Drummer extraordinaire Carl Palmer has never shied away from his roots in Emerson, Lake & Palmer (even as he continues switching between Asia and solo life), though after the sudden passing of keyboard player Keith Emerson earlier this year, it was a given that the group’s music should earn extra emphasis on his current tour. In fact, had it not been for that tragic turn of events, Emerson was slated to join Palmer on this very same outing saluting ELP’s enormous progressive/symphonic/art rock outpouring, which wound up wrapping the final night of Progtoberfest II (sturdily assembled by organizer/promoter Kevin Pollack) at Reggies Chicago.
Though everyone got the chance to show off their playing chops at one point in the evening, the legendary beat keeper especially wowed attendees with his technical wizardry, all but erasing the years since the band’s heyday, while firmly establishing his current status amongst the world’s most elite drummers.
But rather than taking a somber tone at the fact his longtime partner was no longer able to participate, Palmer’s ever-evolving ELP Legacy adapted a celebratory attitude towards the band’s expansive body of work as the leader told stories of tribute and pummeled away behind a monstrous kit (flanked by much younger guitarist Paul Bielatowicz and bassist Simon Fitzpatrick). Despite their physical generation gap, all three musicians were locked on the same musical page for no less than two hours that wound between a vastly assorted canon of ELP originals and covers.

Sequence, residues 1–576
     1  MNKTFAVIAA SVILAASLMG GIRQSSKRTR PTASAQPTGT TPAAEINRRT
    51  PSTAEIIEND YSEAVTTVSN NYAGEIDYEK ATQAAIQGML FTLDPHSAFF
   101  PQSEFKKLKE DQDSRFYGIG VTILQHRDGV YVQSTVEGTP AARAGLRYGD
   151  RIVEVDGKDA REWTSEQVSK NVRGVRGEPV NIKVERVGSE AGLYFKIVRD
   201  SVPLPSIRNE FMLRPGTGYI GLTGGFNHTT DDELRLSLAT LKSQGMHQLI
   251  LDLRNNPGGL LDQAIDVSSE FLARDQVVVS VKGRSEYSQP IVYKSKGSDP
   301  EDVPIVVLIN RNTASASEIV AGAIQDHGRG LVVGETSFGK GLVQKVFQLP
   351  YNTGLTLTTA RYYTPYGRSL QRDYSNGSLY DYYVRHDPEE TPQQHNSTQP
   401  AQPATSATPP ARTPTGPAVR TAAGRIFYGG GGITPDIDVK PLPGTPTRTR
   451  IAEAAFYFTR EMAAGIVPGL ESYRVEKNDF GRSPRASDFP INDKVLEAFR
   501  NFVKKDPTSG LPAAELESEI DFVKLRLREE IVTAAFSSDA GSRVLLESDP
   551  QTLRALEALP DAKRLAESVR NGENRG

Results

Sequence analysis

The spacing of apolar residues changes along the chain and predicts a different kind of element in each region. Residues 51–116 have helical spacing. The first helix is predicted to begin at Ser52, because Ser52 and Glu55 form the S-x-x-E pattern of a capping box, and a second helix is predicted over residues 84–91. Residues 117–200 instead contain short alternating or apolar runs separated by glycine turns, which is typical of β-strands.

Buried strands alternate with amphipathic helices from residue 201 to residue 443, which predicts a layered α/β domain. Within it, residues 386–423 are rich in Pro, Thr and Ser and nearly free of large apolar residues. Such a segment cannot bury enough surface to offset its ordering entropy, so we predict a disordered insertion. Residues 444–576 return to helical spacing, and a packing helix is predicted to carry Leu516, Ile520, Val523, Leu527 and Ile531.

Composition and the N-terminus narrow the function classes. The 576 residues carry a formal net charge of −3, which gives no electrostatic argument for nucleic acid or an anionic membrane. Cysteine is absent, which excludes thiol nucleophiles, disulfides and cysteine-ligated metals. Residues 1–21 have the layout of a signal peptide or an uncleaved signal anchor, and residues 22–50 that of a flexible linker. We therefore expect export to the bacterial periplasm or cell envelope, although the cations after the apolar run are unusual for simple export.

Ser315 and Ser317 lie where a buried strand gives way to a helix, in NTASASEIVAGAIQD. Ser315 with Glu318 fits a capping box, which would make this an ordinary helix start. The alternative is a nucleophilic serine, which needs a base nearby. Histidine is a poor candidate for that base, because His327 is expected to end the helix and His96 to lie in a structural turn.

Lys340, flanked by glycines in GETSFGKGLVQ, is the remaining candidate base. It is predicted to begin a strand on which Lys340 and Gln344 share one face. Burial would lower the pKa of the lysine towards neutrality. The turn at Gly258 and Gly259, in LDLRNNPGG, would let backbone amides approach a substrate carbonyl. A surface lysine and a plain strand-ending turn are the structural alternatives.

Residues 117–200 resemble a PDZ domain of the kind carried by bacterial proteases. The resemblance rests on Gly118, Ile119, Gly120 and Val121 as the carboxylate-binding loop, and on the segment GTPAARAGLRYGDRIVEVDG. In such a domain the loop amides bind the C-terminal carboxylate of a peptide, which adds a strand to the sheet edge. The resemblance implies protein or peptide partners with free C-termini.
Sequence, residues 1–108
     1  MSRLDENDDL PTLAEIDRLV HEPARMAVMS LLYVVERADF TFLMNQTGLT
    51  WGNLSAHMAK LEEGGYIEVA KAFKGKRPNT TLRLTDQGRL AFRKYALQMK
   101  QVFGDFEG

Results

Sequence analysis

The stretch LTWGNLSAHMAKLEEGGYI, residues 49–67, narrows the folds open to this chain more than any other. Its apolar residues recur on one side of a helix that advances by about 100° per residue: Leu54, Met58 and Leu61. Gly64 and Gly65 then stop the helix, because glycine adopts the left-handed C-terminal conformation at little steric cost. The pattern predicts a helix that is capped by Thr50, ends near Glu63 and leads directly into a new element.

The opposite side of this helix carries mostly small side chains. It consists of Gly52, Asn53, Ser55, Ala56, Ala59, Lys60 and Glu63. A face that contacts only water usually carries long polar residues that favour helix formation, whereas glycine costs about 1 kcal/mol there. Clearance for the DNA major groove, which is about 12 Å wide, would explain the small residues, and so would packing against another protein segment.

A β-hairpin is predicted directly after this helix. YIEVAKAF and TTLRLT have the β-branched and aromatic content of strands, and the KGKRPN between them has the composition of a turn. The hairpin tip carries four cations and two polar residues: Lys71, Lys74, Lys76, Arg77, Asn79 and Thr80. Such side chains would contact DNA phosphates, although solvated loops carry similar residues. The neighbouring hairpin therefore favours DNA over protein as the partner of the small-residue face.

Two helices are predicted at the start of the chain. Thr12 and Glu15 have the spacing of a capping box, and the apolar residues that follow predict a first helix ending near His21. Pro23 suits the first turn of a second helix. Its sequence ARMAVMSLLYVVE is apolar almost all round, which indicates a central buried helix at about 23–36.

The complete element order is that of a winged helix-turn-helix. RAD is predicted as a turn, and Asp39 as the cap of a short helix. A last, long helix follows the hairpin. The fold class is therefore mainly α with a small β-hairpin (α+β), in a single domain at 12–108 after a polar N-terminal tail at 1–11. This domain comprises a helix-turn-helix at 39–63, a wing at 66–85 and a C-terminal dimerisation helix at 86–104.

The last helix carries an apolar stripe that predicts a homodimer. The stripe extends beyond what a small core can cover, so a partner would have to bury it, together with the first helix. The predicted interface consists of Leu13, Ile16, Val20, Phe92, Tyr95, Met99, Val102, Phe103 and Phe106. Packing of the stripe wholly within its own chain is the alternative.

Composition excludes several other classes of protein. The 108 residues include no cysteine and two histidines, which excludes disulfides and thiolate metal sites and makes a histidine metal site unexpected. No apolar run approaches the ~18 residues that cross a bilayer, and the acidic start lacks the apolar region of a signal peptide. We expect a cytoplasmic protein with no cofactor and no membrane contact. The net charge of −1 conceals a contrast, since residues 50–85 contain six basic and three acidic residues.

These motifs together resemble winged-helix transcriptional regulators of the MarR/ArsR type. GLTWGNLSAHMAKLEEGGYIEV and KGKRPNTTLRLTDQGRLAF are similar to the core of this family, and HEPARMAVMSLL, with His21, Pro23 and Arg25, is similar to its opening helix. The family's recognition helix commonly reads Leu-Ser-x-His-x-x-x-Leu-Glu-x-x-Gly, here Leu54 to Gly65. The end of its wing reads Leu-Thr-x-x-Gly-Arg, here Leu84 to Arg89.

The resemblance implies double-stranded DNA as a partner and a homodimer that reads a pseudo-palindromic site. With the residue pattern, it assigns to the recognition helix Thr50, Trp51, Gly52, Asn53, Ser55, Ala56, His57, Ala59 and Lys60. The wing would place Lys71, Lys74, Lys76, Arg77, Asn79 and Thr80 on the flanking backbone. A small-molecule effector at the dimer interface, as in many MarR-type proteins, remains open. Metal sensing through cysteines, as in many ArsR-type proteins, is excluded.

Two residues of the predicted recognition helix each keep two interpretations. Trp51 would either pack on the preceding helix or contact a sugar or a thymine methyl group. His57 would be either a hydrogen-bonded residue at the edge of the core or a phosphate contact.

“The Barbarian” served as one of the trio’s earliest examples of interpreting a classical selection with a rock arrangement, while “America” (via Emerson’s previous group The Nice) did the same to a Broadway tune and “Jerusalem” for an old time spiritual. There was also the group’s brooding remake of King Crimson’s “21st Century Schizoid Man” (a nod to singer/bassist Greg Lake’s early involvement in that now legendary experimental act), and later, the fellow classical adaptation “Nutrocker” (initially tackled many decades before Trans-Siberian Orchestra).
In between, Palmer and company delivered several other ELP standards (“Knife-Edge,” “Hoedown,” “Pictures At An Exhibition”), which may have missed the original players and their unmistakable contributions, but were nonetheless presented with a fresh and muscular approach. Though everyone got the chance to show off their playing chops at one point in the evening, the legendary beat keeper especially wowed attendees with his technical wizardry, all but erasing the years since the band’s heyday, while firmly establishing his current status as one of the world’s most elite drummers.
Click here for more Carl Palmer photos from Progtoberfest II at Reggies Chicago.
For additional information on Carl Palmer, visit CarlPalmer.com.
For a list of upcoming shows at Reggies Chicago, visit ReggiesLive.com.